Seattle WA has an interesting feature on their city website that allows you to arrange information in different ways.
It’s called the Open Data Program.
It takes the information generated by the City and makes it available to the public. The idea is to increase transparency (buzzword), accountability (another buzzword), and comparability.
The City wants to promote economic development with this information and also uses it internally, to improve performance management.
They want the public to use the data in ways that support the development and improve the quality of life for all citizens.
Essentially, all the permits, licenses, and inspection information are there for us to slice and dice, perhaps revealing areas that require room for improvement.
Shining a spotlight on data has always been a tool I’ve used to encourage change.
Back when I was a middle manager, whenever there was a problem, I always suggested bringing the information forward for discussion.
- The inequitable use of resources was a great one. If one department was a frequent user of travel resources, for example, it was something we would report on. The department might be encouraged to reduce their use or contribute financially to support the resource.
When you take information and arrange it in another way, it gives you a new perspective on the topic.
You gain insights and valuable thoughts about the topic. Sometimes it helps resolve a dispute between two departments. When one department is paying for resources that another one is using, it can sometimes cause resentment. After all, if someone else was spending your budget, you’d like them to know how much the service is costing you.
Other data is more entertaining.
Take pet licensing data for example.
From January 1st to April 7th, 2021, the City of Seattle has issued 7711 pet licenses. That’s a fair number but the breakdown is revealing.
There were licenses issued for:
- Cats, 2110
- Dogs, 5593
- Goats, 7
- and one pig named Millie.
The City records pet names and breeds as part of its license data gathering as well as zip codes, which are used in planning.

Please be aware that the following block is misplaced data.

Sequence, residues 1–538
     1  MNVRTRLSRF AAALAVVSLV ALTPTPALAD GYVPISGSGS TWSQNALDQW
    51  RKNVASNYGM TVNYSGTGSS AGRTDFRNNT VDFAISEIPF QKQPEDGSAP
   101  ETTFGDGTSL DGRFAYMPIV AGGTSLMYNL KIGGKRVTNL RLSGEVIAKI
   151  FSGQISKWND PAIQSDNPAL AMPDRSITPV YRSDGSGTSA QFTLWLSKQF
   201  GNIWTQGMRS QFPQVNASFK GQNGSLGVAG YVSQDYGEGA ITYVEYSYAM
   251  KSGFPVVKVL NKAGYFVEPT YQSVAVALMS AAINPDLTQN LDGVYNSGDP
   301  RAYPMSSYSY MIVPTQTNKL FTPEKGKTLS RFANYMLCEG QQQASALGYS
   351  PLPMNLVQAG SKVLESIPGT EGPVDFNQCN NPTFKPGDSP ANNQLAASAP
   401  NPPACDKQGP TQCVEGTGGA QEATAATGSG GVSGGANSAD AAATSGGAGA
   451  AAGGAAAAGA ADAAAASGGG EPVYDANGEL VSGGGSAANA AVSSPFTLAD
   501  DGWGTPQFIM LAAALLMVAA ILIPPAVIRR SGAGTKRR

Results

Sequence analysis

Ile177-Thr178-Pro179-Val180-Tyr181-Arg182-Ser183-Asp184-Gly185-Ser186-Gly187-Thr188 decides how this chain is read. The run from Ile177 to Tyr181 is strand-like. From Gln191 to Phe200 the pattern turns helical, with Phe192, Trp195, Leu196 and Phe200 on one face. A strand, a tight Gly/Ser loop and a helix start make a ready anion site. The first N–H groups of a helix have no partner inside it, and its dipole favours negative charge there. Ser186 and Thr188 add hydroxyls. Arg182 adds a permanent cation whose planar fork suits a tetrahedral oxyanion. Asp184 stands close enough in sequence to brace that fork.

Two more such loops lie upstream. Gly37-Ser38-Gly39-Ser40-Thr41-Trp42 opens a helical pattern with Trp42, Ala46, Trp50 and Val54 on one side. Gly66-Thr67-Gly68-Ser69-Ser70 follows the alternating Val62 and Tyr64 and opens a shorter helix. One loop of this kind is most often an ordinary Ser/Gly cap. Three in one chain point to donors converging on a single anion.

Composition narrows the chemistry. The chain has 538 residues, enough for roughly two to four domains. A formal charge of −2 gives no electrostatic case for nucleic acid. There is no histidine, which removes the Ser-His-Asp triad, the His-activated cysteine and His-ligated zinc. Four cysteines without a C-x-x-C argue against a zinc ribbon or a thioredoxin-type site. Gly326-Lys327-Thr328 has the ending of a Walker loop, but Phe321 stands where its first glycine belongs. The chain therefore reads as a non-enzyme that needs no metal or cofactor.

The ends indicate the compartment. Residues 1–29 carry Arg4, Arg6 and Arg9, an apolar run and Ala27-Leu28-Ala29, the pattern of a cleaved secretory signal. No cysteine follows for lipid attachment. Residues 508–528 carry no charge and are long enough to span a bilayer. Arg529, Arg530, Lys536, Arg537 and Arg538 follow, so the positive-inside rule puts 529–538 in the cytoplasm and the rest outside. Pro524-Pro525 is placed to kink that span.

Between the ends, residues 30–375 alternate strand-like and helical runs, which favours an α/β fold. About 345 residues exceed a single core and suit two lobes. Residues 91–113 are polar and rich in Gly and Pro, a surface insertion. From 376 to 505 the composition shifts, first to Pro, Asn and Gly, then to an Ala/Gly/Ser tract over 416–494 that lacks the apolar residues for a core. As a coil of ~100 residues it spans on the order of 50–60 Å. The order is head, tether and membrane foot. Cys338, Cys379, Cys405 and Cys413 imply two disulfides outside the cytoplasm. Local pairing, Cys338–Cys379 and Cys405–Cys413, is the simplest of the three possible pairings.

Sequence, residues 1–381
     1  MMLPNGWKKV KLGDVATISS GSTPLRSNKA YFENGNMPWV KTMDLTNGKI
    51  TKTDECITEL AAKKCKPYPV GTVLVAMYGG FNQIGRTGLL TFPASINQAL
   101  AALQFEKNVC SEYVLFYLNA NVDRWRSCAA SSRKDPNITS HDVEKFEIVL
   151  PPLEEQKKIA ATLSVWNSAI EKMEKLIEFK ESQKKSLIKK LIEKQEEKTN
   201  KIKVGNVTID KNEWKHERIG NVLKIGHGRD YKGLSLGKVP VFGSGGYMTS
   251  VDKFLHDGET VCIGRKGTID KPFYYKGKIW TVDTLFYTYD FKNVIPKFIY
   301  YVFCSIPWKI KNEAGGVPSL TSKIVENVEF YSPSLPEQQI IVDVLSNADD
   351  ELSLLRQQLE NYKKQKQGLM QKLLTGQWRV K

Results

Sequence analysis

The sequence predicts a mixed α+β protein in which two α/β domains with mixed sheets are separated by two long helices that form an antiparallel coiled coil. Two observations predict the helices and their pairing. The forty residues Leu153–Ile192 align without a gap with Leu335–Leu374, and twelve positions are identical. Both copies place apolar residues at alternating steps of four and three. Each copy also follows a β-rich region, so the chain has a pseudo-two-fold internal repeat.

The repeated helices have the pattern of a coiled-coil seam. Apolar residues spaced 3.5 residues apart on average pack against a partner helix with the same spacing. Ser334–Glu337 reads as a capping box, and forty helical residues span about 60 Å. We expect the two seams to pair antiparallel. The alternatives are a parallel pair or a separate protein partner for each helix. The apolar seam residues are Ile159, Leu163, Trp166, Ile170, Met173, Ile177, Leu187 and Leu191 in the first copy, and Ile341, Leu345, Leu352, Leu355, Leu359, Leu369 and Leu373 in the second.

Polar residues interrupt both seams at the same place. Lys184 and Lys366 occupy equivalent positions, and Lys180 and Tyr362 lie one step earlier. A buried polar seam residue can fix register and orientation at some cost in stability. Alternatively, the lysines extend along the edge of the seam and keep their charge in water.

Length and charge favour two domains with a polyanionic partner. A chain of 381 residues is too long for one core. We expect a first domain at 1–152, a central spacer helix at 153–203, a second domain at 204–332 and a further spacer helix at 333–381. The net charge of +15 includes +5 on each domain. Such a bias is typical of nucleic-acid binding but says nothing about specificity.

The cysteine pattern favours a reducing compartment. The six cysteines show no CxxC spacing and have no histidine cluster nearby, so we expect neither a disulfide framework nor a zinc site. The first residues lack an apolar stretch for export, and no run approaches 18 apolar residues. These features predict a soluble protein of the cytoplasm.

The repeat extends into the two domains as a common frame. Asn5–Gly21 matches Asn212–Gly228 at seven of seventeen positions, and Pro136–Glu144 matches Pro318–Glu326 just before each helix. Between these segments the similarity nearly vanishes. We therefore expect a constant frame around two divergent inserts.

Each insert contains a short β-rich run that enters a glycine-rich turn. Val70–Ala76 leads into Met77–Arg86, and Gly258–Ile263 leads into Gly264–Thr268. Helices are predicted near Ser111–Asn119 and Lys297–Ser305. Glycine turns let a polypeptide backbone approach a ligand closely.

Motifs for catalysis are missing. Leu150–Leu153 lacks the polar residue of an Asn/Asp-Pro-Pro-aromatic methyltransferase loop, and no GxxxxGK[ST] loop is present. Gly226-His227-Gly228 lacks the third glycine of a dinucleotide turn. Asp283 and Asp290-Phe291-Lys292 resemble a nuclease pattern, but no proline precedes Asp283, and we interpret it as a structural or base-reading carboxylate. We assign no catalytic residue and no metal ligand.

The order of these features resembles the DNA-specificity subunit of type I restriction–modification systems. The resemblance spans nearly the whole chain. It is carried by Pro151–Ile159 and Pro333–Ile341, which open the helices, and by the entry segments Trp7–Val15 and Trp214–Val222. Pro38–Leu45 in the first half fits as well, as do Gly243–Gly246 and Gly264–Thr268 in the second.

The goats were named Trixie, Coco, Charlotte, Pearl, Verna, Estelle, and Carmella, very dignified names for goats, in my opinion.
Olive/Oliver/Ollie is the most popular dog name by far, at (68) individual dogs. with Luna (47), Lucy (44), Charlie and Belle/Bella/Belle tied at (40).
Other popular dog monikers included a variety of names, both traditional and unusual.
- Buddy/Bud, Zoe/Zoey, Max/Maxwell, Cocoa/Coco, Rosie/Rose, Milo, Lola, Lily, Leo/Leon, Jack, Henry, Cooper, Tucker, Teddy, Scout, versions of Sam (Sammy, Samwise), Ruby, Rocky/Rocket, Riley, Pepper, Molly, Murphy, Maggie, Stella, and Louie/Lou are among the most popular.
Lucky was only given to (16) dogs, which surprised me.
One notable pet name was Jadzia Dax, which was given to two dogs, a Chihuahua and a Doberman, on the same day.
Retrievers and Terriers made up the majority of breeds, although there were a wide variety of others and a lot of dogs were identified as ‘Mixed’.
For cats, surprisingly, Olive/Oliver/Ollie is the most popular at (34).
I found it a bit strange that the most popular dog name is also the most popular cat name.
I wonder if the cats know about that.
Pepper, Shadow, Smudge are examples of popular cat names.
One notable domestic shorthair cat is named Spaghetti Margaretti Fairchild.
I imagine this cat is very fancy and somewhat entitled.
I can see how this information might be useful in planning for parks or it might help a veterinarian decide whether a small dog practice might do well in a certain area.
It could also assist a small business person in making a decision whether or not to open a pet food store or start a dog walking service in the area.